Red Clothing Creates Confusion in Lismore

All internees and prisoners of war were issued with uniforms coloured burgundy as part of the clothing kit. The same colour uniform was distributed regardless of nationality: Italians, Germans, Formosans, Japanese, Chinese, Austrian.

BALMAIN, NSW. 1946-03-02. THIS JAPANESE INTERNEE IS HAVING A BIT OF TROUBLE WITH HIS LARGE AMOUNT OF LUGGAGE AS HE STEPS DOWN FROM THE TRAIN THAT HAS BROUGHT HIM FROM HAY TO NO. 1 WHARF AT BALMAIN. HE IS ONE OF THE MANY JAPANESE ABOUT TO EMBARK ON THE JAPANESE REPATRIATION SHIP DAIKAI MARU OSAKU. THE POW ARE DRESSED IN AUSTRALIAN UNIFORMS.

The Big Picture

It is sometimes easy to see this history in small unrelated segments: to think that only civilian internees were forced to wear this colour; or that this uniform was to be worn every day; or that this indignation was reserved for only Italian prisoners of war. The ‘big picture’ is important.

The magenta uniform was to be worn when leaving a camp, a hostel or a farm placement; anytime the internees or prisoners of war were outside of their facility.

Its purpose was as obvious as its colour.

Photographs document that there was an Australian army salvage unit at Fishermen’s Bend in Victoria and another salvage unit at Loveday Internment Camp South Australia.

Loveday, Australia. 11 March 1943. Clothes which have been dyed a burgundy shade by internees at No. 9 Camp, Loveday Internment Group, hanging out to dry. The clothes are discarded Australian uniforms which have been cleaned, repaired and now dyed for issue to internees.

Confusion in Lismore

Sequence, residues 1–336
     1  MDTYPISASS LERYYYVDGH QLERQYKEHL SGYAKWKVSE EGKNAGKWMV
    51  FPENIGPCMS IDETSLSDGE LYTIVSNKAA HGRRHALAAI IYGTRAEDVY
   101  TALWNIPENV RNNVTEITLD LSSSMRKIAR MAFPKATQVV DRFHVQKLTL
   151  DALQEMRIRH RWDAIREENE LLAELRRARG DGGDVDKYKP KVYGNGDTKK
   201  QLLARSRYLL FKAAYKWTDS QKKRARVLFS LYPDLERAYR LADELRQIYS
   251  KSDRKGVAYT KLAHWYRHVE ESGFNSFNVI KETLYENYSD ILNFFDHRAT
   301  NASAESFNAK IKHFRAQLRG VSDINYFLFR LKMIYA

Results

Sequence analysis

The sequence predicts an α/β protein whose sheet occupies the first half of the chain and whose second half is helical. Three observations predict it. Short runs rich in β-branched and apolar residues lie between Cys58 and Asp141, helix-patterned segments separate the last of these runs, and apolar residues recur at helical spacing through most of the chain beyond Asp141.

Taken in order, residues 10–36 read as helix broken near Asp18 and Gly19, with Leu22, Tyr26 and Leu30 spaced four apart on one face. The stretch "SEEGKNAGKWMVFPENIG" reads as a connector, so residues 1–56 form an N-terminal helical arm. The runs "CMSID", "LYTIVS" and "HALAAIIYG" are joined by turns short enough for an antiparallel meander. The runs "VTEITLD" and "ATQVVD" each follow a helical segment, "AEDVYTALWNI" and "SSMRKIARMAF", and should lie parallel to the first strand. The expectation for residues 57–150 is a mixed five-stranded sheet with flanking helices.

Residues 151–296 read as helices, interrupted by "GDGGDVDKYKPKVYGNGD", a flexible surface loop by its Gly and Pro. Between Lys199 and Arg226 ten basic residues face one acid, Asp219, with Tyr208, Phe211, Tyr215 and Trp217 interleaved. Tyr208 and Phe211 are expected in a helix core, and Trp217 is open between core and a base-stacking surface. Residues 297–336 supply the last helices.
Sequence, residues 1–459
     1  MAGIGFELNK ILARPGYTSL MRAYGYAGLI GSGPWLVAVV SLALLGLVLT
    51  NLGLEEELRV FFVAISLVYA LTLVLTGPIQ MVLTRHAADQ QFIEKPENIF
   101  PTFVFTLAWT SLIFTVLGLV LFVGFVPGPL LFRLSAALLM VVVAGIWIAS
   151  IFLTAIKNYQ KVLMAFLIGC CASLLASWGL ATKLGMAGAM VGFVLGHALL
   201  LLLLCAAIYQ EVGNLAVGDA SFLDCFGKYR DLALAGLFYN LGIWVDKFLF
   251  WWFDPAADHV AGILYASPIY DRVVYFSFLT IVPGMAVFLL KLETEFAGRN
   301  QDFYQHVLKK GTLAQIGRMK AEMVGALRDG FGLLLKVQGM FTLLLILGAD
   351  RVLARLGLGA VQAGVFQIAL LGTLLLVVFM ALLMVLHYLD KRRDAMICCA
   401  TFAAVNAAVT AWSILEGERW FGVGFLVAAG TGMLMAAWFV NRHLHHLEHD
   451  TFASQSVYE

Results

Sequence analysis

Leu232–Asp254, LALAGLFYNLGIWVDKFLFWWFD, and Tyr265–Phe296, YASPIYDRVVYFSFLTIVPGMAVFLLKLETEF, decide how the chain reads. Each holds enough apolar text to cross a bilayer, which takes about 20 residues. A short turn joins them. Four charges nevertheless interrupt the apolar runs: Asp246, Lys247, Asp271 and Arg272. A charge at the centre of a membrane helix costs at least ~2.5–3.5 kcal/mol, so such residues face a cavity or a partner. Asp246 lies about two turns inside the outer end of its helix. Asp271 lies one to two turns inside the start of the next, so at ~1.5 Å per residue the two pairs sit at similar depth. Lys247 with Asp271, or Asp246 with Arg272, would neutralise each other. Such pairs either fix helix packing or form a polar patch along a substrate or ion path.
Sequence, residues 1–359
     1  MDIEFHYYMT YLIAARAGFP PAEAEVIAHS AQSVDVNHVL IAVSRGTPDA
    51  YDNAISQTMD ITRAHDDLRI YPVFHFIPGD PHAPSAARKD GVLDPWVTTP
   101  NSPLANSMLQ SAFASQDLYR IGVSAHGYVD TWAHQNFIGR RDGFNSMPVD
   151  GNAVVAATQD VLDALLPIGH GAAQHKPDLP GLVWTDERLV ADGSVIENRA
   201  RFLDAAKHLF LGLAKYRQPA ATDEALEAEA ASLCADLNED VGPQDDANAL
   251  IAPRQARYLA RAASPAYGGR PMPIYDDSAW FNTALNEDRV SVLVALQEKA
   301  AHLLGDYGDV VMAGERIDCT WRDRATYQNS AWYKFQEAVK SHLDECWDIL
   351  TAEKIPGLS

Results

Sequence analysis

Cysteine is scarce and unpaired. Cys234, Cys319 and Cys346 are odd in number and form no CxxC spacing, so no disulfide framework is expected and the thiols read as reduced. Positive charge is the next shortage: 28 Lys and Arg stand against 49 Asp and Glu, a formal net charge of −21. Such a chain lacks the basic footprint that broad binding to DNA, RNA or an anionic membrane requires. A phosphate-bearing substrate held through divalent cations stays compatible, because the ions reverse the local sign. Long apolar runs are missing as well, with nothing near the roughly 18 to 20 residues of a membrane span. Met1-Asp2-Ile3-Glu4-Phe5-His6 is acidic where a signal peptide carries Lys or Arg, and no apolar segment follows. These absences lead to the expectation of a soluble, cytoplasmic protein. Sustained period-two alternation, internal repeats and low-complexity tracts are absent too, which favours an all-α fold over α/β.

An interesting situation arose in the Lismore district of New South Wales in 1944.  Lismore had a resident population of 700 – 800 Italians. Another 200 Italian prisoners of war were employed in the district to work on farms.

The newspapers reported farmers who breached rules of their employment contract for Italian prisoners of war.  Some of the complaints and offences: alleged that Italian prisoners of war had been seen at the pictures, drinking in the pub, walking hand in hand with an Aussie girl, seen at the horse trotting races, talking excitedly in their own tongue with 12 civilian Italians and that two were left to run the farm while the boss lived 20 miles away in town.

As to how many of these allegations proved to be true is unknown. 

What is known, is that Lieutenant Chester Snow, the Australian officer in charge of the Italian prisoners of war in the district, had been notified 12 times during August 1944, that prisoners of war were ‘at large’ in the town.

When Lieut. Snow or his control centre staff ‘hurried’ to various parts of town to make arrests, they found that the ‘alleged’ prisoners were [Italian] civilians.

While the prisoner of war uniform was a burgundy colour, it was reported that red clothes, including trousers and slacks were a popular form of dress amongst the Lismore civilians. In fact, many retail stores displayed red clothes in their windows.

I am sure that the Italian prisoners of war who read such newspaper reports could see a little humour in this situation.

A little more about the colour red:

In 2013, an Italian prisoner of war blanket was returned to Cowra: https://www.cowraguardian.com.au/story/1273202/a-warm-return-for-pow-artefact/

In 2014, the Cowra Breakout Association reported Sir Tony Robinson being shown a Cowra Camp relic: a Japanese prisoner of war uniform worn at the time of the Cowra breakout in August 1944.

Sir Tony Robinson is shown a uniform worn by a Japanese prisoner of war at Cowra Camp.

(https://www.facebook.com/CowraBreakoutAssociation/photos/a.454760087988982/454761241322200)

Red Uniforms

Magenta Dyed Army Issue

Italian POW uniform Red